What Children Learn
Children learn to walk and talk without any help from schools. Then they arrive at school eager to learn more, and all too often, within a few years, they have lost interest. Almost all conventional schools teach children that learning is an disagreeable chore.
Falko Peschel, the German teacher who has written two books about what he calls “open learning”, describes his first class of six-year-olds, ranging from one child with learning difficulties and two immigrants who can hardly speak any German to a few who are well ahead of the expected standard. Then he writes, “So a single traditional course for everybody is obviously out of the question. It is obvious to me, that I couldn't teach in a sufficiently differentiated way take into account the previous knowledge, working speed, eagerness to learn and emotional maturity of each individual. Whatever I did I would be losing the children. A good proportion would be totally left behind, and the rest would soon get bored. But they do actually all want to learn? They badly want to learn. But something new, something exciting. Something that they don't know already. And something that they can make use of.”
Most schools fail to provide that something. As Peschel says, a good proportion are totally left behind, and the rest soon get bored.
School also has unfortunate effects on children’s social education. Joanna Gore, who spent six months as a researcher in a London primary school in the role of a pupil, observed in her book, Leave me Alone, that children learned to stand in lines, to ask for permission to go to the lavatory and to sit, for the most part, in silence, but they also learned the skills of what the anthropologist James. C. Scott calls “peasant rebellion.” The principle elements of peasant rebellion are false compliance, foot-dragging, pilfering, feigned ignorance, slander and sabotage.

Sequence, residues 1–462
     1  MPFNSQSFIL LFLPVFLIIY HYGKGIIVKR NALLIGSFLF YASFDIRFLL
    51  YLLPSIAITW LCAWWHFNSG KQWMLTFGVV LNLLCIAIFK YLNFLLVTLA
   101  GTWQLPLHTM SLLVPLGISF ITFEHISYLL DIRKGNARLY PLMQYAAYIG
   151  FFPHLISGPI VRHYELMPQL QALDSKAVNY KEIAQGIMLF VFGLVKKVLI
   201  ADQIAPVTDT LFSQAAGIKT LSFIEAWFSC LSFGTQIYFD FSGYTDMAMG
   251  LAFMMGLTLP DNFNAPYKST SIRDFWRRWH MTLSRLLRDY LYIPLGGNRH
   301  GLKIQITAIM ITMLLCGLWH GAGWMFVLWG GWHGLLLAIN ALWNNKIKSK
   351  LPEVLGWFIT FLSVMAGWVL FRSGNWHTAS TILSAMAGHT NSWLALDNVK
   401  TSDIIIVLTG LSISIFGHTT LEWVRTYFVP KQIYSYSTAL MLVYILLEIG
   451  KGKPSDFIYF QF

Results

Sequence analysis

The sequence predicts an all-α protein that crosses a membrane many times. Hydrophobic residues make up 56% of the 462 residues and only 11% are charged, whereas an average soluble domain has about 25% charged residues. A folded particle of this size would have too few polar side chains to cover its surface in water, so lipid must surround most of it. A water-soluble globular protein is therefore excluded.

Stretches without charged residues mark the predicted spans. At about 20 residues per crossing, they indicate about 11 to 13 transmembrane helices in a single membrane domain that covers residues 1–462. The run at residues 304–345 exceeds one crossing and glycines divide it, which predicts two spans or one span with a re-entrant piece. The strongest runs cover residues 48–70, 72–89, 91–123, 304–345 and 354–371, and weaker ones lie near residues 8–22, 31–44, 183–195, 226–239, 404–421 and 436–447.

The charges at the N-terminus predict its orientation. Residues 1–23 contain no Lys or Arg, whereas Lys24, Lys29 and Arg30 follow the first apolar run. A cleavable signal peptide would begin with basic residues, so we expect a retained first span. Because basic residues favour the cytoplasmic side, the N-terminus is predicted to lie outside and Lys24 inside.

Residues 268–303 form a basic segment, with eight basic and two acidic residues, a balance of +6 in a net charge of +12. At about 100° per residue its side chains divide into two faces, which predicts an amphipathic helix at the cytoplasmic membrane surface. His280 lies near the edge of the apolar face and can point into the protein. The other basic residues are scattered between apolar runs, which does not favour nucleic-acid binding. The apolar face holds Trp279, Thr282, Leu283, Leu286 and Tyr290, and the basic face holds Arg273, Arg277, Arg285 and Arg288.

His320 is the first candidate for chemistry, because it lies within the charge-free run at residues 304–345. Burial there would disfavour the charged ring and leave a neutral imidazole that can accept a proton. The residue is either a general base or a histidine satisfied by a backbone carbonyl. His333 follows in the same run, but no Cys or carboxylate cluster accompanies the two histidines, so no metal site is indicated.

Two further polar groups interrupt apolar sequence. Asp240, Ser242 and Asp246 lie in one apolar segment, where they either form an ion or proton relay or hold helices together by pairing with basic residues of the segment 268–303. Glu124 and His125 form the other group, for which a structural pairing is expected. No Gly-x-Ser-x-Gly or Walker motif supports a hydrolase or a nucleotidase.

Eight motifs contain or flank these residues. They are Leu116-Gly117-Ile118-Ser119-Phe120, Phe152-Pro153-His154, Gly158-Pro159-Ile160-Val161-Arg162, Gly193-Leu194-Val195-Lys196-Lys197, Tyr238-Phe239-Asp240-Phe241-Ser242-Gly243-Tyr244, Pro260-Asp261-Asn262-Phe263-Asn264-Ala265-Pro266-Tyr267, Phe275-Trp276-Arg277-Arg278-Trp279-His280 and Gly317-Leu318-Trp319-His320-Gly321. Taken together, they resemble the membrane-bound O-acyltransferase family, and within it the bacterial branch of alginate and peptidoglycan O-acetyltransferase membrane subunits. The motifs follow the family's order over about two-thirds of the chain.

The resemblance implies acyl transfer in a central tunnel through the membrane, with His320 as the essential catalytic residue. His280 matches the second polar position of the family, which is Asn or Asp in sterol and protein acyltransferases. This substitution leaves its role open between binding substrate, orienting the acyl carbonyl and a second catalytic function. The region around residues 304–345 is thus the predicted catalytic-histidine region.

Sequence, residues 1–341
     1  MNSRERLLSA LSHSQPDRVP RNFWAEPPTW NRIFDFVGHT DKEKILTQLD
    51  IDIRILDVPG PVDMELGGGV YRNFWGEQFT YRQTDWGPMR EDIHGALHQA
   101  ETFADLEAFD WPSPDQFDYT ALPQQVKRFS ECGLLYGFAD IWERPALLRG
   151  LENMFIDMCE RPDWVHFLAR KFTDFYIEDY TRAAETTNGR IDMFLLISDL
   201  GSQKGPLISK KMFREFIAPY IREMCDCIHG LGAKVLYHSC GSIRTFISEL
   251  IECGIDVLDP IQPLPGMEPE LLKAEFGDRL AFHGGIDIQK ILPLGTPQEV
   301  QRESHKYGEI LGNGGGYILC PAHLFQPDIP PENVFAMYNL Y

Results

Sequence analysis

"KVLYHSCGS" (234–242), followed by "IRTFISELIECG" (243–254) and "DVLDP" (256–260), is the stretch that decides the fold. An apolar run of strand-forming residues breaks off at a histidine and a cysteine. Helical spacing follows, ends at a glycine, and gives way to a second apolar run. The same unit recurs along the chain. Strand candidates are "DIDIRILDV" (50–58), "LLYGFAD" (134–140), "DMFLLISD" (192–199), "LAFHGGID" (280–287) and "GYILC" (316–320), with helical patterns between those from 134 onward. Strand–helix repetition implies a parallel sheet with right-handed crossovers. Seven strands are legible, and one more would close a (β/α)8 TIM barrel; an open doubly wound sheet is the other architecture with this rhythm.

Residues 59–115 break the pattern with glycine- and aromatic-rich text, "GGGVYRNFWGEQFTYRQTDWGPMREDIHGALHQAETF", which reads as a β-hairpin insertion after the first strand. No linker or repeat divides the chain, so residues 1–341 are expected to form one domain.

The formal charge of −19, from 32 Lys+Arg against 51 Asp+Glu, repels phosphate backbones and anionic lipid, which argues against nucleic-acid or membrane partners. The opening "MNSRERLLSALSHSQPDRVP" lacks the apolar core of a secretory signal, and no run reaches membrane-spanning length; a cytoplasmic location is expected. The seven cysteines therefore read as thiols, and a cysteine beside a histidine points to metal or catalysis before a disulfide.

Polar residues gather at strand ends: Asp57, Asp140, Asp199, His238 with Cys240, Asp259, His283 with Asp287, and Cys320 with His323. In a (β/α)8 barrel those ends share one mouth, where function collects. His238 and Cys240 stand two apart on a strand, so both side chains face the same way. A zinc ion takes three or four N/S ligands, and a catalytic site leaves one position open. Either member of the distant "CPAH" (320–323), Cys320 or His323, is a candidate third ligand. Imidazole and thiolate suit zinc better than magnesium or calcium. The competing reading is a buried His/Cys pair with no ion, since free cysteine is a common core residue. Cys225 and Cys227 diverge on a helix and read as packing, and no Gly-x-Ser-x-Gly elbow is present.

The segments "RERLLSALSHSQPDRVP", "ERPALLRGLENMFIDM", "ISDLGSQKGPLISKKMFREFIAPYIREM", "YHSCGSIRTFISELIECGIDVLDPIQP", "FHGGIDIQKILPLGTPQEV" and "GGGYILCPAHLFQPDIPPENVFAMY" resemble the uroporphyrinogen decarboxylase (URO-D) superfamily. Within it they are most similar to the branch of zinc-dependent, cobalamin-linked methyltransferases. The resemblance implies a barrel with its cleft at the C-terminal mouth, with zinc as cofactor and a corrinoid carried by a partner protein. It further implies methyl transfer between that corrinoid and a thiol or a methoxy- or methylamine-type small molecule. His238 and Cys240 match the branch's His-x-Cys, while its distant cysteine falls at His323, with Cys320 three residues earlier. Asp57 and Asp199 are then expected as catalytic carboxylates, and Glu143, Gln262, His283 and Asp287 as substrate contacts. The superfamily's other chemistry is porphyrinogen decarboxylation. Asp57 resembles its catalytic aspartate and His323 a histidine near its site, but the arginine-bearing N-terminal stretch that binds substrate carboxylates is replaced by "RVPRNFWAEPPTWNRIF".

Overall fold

There is no need for schools to produce these undesired effects. If a school would only start from the children themselves, what they know and what they want to know, it would nourish their curiosity instead of stifling it. The children would learn more, and faster, and they would love doing so.
What children usually learn at school is how to conform, either to the official school standards or to the standards an underlying peasant revolt. It would be much more valuable if they could learn to be true to themselves.
As Walter Scott said, “All men who have turned out worth anything, have had the chief hand in their own education.” (Letters, volume 11, 1936)